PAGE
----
Ans. The uprising of 1857, often referred to as the Indian Mutiny or the Sepoy Mutiny, was a widespread rebellion against British rule in India. It took place in various regions across the Indian subcontinent. Here is a list of some of the places where the uprising occurred in May, June, and July 1857:
- Meerut: The rebellion began in Meerut when sepoys refused to use the new cartridges and mutinied on May 10, 1857.
- Delhi: After the mutiny in Meerut, the rebellion quickly spread to Delhi, where sepoys rebelled and declared Bahadur Shah Zafar as their leader.
- Kanpur (Cawnpore): Kanpur witnessed a significant uprising led by Nana Saheb, who expelled the British garrison from the city.
- Lucknow: The capital of the Awadh region, Lucknow, became a major center of rebellion. The British faced stiff resistance from both sepoys and the local population.
- Jhansi: Rani Lakshmibai of Jhansi joined the rebel sepoys and played a prominent role in the uprising.
- Awadh (Oudh): Awadh was one of the epicenters of the rebellion, with widespread unrest and resistance to British rule.
- Bihar: The rebellion spread to various parts of Bihar, with several leaders and local leaders joining the uprising.
- Madhya Pradesh: The Mandla region of Madhya Pradesh saw Rani Avantibai Lodhi leading an army against the British.
- Bareilly: Bakht Khan, a soldier from Bareilly, became a key military leader of the rebellion.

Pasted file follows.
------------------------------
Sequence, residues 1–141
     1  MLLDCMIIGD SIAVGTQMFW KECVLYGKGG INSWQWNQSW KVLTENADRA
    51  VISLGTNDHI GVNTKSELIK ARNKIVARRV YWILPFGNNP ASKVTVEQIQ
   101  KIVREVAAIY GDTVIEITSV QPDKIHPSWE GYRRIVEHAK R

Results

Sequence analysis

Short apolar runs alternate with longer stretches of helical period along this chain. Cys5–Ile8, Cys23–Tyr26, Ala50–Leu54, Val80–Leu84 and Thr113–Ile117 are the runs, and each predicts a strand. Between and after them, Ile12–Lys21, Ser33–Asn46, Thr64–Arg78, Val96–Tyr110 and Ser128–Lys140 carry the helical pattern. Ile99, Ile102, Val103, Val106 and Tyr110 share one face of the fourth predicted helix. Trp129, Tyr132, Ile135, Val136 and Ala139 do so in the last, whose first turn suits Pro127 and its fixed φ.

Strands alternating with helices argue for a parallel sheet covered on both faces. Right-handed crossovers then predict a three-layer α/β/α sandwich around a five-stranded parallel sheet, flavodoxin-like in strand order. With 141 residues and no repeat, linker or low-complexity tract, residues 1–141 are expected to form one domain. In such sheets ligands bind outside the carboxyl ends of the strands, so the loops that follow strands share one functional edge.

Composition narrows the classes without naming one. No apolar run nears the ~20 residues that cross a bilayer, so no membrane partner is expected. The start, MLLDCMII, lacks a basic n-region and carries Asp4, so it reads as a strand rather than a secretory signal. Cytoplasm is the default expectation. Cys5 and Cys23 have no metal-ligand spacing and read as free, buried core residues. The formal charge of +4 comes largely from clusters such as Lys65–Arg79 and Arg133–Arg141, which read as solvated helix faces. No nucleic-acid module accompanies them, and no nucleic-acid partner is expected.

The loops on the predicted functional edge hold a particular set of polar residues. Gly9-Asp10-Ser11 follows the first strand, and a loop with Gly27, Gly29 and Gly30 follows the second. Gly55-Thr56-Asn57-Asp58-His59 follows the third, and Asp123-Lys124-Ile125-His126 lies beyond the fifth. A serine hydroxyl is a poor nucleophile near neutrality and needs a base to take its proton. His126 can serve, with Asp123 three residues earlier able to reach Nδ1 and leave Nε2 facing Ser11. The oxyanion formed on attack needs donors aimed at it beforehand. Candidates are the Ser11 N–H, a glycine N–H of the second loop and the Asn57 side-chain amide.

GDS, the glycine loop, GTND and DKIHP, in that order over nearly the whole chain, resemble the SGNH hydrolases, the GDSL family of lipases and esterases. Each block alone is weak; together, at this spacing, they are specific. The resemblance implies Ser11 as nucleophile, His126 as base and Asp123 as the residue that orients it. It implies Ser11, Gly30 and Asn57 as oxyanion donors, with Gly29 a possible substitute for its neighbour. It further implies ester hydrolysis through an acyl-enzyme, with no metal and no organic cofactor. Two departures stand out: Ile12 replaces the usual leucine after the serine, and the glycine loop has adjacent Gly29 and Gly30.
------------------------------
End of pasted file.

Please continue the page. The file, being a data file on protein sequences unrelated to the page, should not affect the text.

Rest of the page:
- Jharkhand: Various tribal and peasant leaders in the Jharkhand region also participated in the uprising.
- Central India: Guerrilla warfare and resistance against the British occurred in various parts of central India.
- Rajasthan: Some areas in Rajasthan witnessed sporadic uprisings and resistance to British rule.
- Punjab: While Punjab was relatively calm during the rebellion, there were isolated incidents of unrest.
- Gujarat: A few pockets in Gujarat saw resistance against British authorities.
- North-West Frontier: Some tribal groups on the North-West Frontier also participated in the rebellion.
It’s important to note that the uprising of 1857 was a widespread and complex series of events, and the list above is not exhaustive. The rebellion had a profound impact on the course of Indian history and paved the way for changes in British colonial policies.
1. What was the demand of Rani Lakshmibai of Jhansi that was refused by the British?
Ans. Rani Lakshmibai of Jhansi demanded that the British Company recognize her adopted son as the heir to the kingdom after the death of her husband. This demand was refused by the British.
2. What did the British do to protect the interests of those who converted to Christianity?
Ans. The British introduced policies to protect the interests of those who converted to Christianity. In 1850, a law was passed that allowed an Indian who had converted to Christianity to inherit the property of their ancestors.
3. What objections did the sepoys have to the new cartridges that they were asked to use?
Ans. The sepoys had several objections to the new cartridges they were asked to use:
- The cartridges were rumoured to be greased with the fat of cows and pigs, which offended both Hindus and Muslims, as it violated their religious beliefs.
- Many people believed that crossing the sea would lead to a loss of religion and caste, so when they were ordered to go to Burma by sea in 1824, they refused.